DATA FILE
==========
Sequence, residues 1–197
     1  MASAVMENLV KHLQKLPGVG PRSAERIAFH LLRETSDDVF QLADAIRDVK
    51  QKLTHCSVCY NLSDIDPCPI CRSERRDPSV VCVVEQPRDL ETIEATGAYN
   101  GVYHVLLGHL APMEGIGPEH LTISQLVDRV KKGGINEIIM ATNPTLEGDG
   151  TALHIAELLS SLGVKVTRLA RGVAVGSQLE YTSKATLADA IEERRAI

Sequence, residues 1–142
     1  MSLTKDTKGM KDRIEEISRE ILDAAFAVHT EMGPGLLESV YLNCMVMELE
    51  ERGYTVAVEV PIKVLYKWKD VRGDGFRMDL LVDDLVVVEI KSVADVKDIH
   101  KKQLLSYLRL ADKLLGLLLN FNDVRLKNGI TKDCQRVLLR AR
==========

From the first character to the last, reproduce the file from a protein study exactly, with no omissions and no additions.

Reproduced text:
Sequence, residues 1–197
     1  MASAVMENLV KHLQKLPGVG PRSAERIAFH LLRETSDDVF QLADAIRDVK
    51  QKLTHCSVCY NLSDIDPCPI CRSERRDPSV VCVVEQPRDL ETIEATGAYN
   101  GVYHVLLGHL APMEGIGPEH LTISQLVDRV KKGGINEIIM ATNPTLEGDG
   151  TALHIAELLS SLGVKVTRLA RGVAVGSQLE YTSKATLADA IEERRAI

Sequence, residues 1–142
     1  MSLTKDTKGM KDRIEEISRE ILDAAFAVHT EMGPGLLESV YLNCMVMELE
    51  ERGYTVAVEV PIKVLYKWKD VRGDGFRMDL LVDDLVVVEI KSVADVKDIH
   101  KKQLLSYLRL ADKLLGLLLN FNDVRLKNGI TKDCQRVLLR AR